Argentina's unemployment rate fell to 7.6% in the fourth quarter of 2016, the government's Indec statistics agency said in a report on Thursday, down from 8.5% in the third quarter as thousands of people stopped looking for work.
The drop came as Latin America's third-largest economy showed signs of emerging from a deep recession. While economists estimate GDP fell by 2.5% throughout 2016, a government measure of monthly economic activity showed month-on-month upticks in November and December.
That did not boost total employment, however, as the number of Argentines with jobs remained steady at around 11.5 million. The economically active population, including those working or actively looking for work, fell by nearly 150,000 to 12.4 million.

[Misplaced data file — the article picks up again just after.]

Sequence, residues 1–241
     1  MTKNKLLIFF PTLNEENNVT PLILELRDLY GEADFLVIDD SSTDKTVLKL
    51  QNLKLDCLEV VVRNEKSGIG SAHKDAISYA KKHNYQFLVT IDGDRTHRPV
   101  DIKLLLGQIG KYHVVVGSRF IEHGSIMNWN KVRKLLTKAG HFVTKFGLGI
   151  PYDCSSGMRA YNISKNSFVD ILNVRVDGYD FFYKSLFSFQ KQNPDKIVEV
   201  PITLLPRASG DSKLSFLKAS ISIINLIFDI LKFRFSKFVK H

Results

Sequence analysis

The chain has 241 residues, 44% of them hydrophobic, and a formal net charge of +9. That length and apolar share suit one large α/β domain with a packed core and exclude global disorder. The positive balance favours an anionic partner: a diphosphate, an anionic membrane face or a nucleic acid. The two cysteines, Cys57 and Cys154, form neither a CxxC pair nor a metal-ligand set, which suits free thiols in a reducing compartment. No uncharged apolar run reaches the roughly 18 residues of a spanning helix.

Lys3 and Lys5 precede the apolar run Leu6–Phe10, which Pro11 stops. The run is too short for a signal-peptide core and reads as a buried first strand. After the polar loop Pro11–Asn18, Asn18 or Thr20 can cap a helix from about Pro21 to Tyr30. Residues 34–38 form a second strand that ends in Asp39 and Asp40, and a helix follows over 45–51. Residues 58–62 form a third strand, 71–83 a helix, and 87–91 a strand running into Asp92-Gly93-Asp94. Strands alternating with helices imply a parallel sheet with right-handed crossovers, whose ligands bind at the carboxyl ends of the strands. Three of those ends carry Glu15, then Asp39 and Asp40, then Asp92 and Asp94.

The drop in the unemployment rate is explained almost entirely by the drop in labor participation, said Jorge Colina, economist at the Argentine Institute for Social Development, a think tank. At the end of the year, as the holidays approach, they give up looking and plan to try again in March.
Thursday's release marked the third time official unemployment data was published after President Mauricio Macri took office in December 2015 and revamped the country's statistics agency, which was widely viewed as manipulating economic data under the populist administration of former President Cristina Fernandez.
Since taking office 15 months ago, Macri's conservative government has enacted a number of market-friendly reforms aimed at liberalizing the economy and encouraging investment. Some of those policies have contributed to rampant inflation in the short term, eating into consumers' purchasing power.
Tensions between the government and the country's powerful unions have begun rising in recent weeks, as thousands of workers have taken to the streets to protest austerity measures and job cuts.